Information Materials

Information Materials 127 records found  beginprevious118 - 127  jump to record: Search took 0.01 seconds. 
Year: 1999
Challenging widely held assumptions about the current ecological crisis in the Himalaya - that deforestation, for example, can be blamed exclusively on local villagers or that pollution and rampant resource exploitation occur uniformly throughout the range - the authors detail a much more complex scenario in which the population explosion is only one of the many factors affecting the Himalayan landscape and in which some regions exhibit little of the environmental decline witnessed elsewhere
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Year: 1999
Book review: Agricultural Project Services Centre and John Mellor Inc
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Year: 1997
Bibliography of articles that are held in the Contributions to Nepalese Studies over the twenty-five years up to 1997
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An indicator is a pointer
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This two page briefing paper documents how, as awareness of climate change has grown, so too has the gendered dimensions of its effects on people
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Women have a unique relationship with biodiversity and across the globe, women predominate as wild plant gatherers, home gardeners, plant domesticators, herbalists and seed custodians
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There are many ways in which gender makes a difference in biodiversity:
  • Across the globe, women predominate as wild plant gatherers, home gardeners and plant domesticators, herbalists and seed custodians
  • Research on 60 home gardens in Thailand revealed 230 different species, many of which had been rescued by women from neighboring forests before being cleared.
  • Women in different regions of Latin America, Asia and Africa manage the interface between wild and domesticated species of edible plants. This role dates back to 15,000-19,000 B.C.
  • Women and men often have different knowledge about, and preferences for, plants and animals. For example, women’s criteria for choosing certain food crop seeds may include cooking time, meal quality, taste, resistance to bird damage and ease of collection, processing, preservation and storage. Men are more likely to consider yield, suitability for a range of soil types and ease of storage. Both are essential for human welfare.
  • In a study in Sierra Leona, women could name 31 uses of trees on fallow land and in the forest, while men named eight different uses. This shows how men and women have distinct realms of knowledge and application for natural resource management, both of which are necessary for sustainable use and conservation.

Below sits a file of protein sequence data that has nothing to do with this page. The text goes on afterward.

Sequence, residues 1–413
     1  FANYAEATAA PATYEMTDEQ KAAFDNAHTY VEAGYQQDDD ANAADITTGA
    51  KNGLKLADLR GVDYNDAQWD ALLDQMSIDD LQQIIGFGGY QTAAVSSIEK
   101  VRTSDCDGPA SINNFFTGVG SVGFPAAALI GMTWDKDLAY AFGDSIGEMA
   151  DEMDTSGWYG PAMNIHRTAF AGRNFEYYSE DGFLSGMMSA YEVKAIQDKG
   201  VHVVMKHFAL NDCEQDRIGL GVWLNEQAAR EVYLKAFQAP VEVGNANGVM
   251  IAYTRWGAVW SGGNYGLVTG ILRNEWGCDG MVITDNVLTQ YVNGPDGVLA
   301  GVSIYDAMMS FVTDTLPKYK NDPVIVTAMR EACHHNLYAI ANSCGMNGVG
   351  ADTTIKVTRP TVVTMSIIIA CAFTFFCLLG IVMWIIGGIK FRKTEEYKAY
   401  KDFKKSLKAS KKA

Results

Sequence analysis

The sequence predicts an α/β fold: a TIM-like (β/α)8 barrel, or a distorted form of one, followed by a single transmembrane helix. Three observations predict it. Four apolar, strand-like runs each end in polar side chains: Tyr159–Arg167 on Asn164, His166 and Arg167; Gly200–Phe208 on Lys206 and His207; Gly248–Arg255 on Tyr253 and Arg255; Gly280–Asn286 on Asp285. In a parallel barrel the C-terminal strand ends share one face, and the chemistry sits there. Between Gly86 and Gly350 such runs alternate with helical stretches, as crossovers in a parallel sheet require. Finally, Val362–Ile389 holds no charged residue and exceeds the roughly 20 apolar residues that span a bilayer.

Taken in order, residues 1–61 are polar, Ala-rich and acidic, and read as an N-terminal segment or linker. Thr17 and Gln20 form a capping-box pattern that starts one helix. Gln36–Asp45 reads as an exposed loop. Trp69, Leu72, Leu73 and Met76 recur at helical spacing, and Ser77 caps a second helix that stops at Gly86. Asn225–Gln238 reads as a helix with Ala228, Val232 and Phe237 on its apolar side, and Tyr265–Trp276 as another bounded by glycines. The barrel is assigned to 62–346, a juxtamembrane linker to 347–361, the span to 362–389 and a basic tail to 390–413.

• Women provide close to 80% of the total wild vegetable food collected in 135 different subsistence-based societies. Women often have specialized knowledge about “neglected” species.
  • The majority of plant biodiversity research is not gender sensitive. This has led to incomplete or erroneous scientific results with respect to the diversity, characteristics and uses of plants, and the causes and potential responses to genetic erosion. Integrating women’s traditional knowledge into botanical and ethnobotanical research, and protecting all informants’ rights, are critical for improved knowledge and management.
  • The language used by the Convention on Biological Diversity and the Bonn Guidelines to address subjects related to indigenous and local communities is not gender-sensitive.

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Some key facts about women and agriculture in Bhutan:
  • The population consists to 49% of women and to 51% of men;
  • 62% of the women work in agriculture l The literacy rate among rural women is around 10%;
  • The division of labour by gender is not rigidly fixed, as men and women can take over each other's tasks, with few exceptions, and this may vary by ethnicity;
  • 70% of the land is owned by women;
  • The majority of the population follows matrilineal heritage giving women an advantage in ownership of land and livestock;
  • Women considerably contribute to house-hold income through farm and non-farm activities;
  • Women interact closely with the natural resource environment as users of wild plants and forest products;
  • As managers of home gardens, women are both managers of bio-diversity as well as providers of variety to family meals;
  • Based on the assumption of a gender-equitable socialsystem, gender-segregated data arenot readily available

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Women play a critical role in agriculture throughout the world, producing, processing and providing the food we eat
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At the heart of the solution are farmers - they are the ones who grow our crops, manage the land, and safeguard biodiversity
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Information Materials 127 records found  beginprevious118 - 127  jump to record: Search took 0.01 seconds. 
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